Regarding DSC (Fig. 3a, b), both SEGatlas and SEGAI displayed high segmentation accuracy in the mandible and eye. However, low accuracies in small volume organs, such as the optic nerve and optic chiasm, were observed. Alternatively, the HD demonstrated comparable or better results in such organs (Fig. 3c, d), due to differences in the derivation of the two methods. The DSC is calculated from the overlapping of the two delineations and HD is calculated from the simple distance between the two delineations. In the case of small volume delineation, the DSC tends to be small, even if the displacement of the two delineations is acceptable. This suggests that not only DSC, but also HD or MDA, should be used for evaluation, and utilizing only one index should be avoided. When evaluating the delineations, especially for small volumes, it is recommended to use multiple indexes properly and perform visual checks for evaluation.

The advantages and disadvantages of SEGatlas and SEGAI are described as follows: In the SEGAI, the delineations are created on the cloud-based system and downloaded in the Digital Imaging and Communication in Medicine (DICOM) format, Radiotherapy (RT) Structure, the efficiency of SEGAI is, therefore, dependent on the internet environment rather than the processing capacity of a workstation. Additionally, a wide variety of delineations can be created because a large amount of training data are registered in the AI database. However, since training data from all over the world are registered on the cloud, data regarding the registered patients’ characteristics are unavailable. The registered dataset may include a variety of patient characteristics. Therefore, the influence of variations in physiques between races remains unclear. Moreover, other institutional characteristics of delineation may be reflected. For instance, the deviation between the delineations for the femur heads and prostate among institutions is possibly caused by reference to a delineation guideline or each institution's own protocol. In addition, the delineation accuracy for the bladder can be associated with bladder volume. If different bladder management protocols are included in the registered patients, delineation accuracy may probably worsen. Actually, a full bladder is commonly recommended for prostate cancer patients, and the effect associated with bladder volume is smaller. Since full bladder management was applied in this study, the DSC of the bladder was 0.95, and it agreed with manual delineation. Notably, it should be validated whether the delineations by the AI-based model satisfy the institution's own protocol prior to clinical implementation. Otherwise, if there is an overemphasis on delineation efficiency and an AI-based model is clinically implemented without the validation process presented in this study, it may unexpectedly promote deterioration of not only standardization of delineations, but also quality of treatment. The SEGatlas requires more time to create delineations than SEGAI, and it is dependent on the specifications of the workstation. However, the SEGatlas can reflect institutional delineation protocols, because that institution’s patients can be registered with the modeling data. Registration of a large amount of modeling data to achieve efficient accuracy is necessary prior to use. These two models have some advantages and disadvantages. The automatic segmentation method should be considered according to the purpose, institutional delineation protocol, and working environment.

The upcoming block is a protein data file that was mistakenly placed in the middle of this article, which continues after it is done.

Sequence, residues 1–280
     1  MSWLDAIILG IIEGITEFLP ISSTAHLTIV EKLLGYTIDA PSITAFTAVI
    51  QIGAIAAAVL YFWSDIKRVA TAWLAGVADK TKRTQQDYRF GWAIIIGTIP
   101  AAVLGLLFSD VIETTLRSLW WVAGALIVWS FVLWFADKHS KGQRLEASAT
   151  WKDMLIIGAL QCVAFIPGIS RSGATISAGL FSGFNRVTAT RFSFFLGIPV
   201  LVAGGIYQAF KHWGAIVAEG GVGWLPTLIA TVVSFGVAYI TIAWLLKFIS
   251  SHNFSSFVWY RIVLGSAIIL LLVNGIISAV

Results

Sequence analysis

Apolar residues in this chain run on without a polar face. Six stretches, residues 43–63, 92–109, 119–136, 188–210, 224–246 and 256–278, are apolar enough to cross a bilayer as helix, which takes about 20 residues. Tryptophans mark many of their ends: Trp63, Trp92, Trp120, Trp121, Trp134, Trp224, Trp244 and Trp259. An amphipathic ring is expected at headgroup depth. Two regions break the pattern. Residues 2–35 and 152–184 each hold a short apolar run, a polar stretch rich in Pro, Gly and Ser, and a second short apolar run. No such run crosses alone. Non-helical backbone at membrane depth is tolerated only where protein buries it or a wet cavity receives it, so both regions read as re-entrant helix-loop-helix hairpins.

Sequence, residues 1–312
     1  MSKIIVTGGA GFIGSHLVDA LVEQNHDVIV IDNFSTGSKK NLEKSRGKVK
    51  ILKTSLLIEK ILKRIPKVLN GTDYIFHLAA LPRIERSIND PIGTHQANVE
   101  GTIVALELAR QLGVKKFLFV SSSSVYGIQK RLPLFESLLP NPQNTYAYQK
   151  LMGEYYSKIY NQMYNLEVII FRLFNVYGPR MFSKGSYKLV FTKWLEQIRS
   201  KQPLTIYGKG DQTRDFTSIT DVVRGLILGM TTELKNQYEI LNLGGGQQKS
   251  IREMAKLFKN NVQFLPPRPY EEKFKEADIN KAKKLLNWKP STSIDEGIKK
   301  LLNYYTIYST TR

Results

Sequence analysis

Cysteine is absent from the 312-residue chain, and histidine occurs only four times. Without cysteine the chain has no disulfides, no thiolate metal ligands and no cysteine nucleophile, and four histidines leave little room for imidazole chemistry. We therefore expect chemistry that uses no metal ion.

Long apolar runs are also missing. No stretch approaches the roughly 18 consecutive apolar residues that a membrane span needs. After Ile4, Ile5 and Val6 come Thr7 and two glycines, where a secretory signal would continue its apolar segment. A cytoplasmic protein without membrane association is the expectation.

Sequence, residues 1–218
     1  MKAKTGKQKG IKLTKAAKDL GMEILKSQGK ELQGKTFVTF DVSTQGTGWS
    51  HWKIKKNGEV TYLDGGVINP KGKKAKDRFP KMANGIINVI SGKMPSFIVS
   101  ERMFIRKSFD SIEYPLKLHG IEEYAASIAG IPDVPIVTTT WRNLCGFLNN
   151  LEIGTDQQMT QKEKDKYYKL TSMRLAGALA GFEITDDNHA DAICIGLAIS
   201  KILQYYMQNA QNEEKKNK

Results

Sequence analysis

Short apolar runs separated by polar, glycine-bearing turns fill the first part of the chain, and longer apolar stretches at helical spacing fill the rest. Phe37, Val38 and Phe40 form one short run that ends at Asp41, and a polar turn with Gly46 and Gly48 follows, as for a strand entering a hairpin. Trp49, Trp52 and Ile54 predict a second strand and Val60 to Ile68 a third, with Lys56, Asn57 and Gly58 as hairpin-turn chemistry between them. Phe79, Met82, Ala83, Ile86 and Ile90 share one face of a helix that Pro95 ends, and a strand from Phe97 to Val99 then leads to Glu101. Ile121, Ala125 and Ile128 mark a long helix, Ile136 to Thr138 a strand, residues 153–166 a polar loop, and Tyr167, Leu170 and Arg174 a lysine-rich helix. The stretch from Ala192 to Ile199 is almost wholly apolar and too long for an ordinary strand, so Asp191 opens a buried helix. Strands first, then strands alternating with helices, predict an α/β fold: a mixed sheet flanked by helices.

The limitations of this study were that only the OARs were included, and the Gross Tumor Volume or Clinical Target Volume was not investigated. Although the MIM Contour ProtégéAI can automatically delineate target and normal tissues, target was not a focus of this study. Twenty datasets were used to build the atlas database in this study. The MIM Maestro recommends registering over 20 datasets for the atlas-based model, however, the effect according to the number of datasets is unclear. Thus, improvement of delineation accuracy by increasing the number of datasets requires further investigation. The delineation accuracies were evaluated using only similarity indices and visual evaluation, and the dosimetric impact of segmentation inaccuracy remains unclear. In the future, we plan to assess delineation of other organs and targets. We also plan to perform MRI-based automatic segmentation.

Conclusions